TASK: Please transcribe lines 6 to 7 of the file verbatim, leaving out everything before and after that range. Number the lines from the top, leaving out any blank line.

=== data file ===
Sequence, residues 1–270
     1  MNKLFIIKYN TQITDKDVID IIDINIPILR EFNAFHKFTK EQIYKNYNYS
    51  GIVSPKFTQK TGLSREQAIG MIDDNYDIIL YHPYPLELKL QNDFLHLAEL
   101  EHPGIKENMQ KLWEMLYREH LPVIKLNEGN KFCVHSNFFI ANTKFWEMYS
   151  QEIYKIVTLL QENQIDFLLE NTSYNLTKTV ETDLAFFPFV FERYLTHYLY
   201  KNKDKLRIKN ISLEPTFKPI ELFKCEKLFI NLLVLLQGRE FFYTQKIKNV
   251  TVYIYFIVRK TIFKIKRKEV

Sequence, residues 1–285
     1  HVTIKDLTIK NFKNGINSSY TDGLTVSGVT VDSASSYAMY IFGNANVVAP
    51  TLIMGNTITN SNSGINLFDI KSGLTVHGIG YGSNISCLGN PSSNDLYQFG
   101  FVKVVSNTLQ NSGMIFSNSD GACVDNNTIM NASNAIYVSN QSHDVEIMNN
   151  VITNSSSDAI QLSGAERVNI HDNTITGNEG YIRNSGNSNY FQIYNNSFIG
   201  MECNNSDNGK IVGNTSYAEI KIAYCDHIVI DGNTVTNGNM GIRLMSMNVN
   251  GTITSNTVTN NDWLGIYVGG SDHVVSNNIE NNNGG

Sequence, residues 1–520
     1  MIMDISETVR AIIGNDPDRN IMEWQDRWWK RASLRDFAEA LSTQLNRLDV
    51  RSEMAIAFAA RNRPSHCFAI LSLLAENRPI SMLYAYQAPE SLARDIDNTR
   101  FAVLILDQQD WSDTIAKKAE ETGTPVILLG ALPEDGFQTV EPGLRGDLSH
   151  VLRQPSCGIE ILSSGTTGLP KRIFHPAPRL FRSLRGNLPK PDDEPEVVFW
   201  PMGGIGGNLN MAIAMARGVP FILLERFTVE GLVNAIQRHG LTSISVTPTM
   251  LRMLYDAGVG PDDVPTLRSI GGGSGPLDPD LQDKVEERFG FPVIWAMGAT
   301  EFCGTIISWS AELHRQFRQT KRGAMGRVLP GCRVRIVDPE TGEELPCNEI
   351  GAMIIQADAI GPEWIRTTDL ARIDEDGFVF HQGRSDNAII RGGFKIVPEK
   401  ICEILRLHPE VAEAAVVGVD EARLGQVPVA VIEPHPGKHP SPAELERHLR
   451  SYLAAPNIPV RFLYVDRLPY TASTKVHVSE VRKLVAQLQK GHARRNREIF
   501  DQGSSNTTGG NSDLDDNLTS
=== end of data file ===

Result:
   201  KNKDKLRIKN ISLEPTFKPI ELFKCEKLFI NLLVLLQGRE FFYTQKIKNV
   251  TVYIYFIVRK TIFKIKRKEV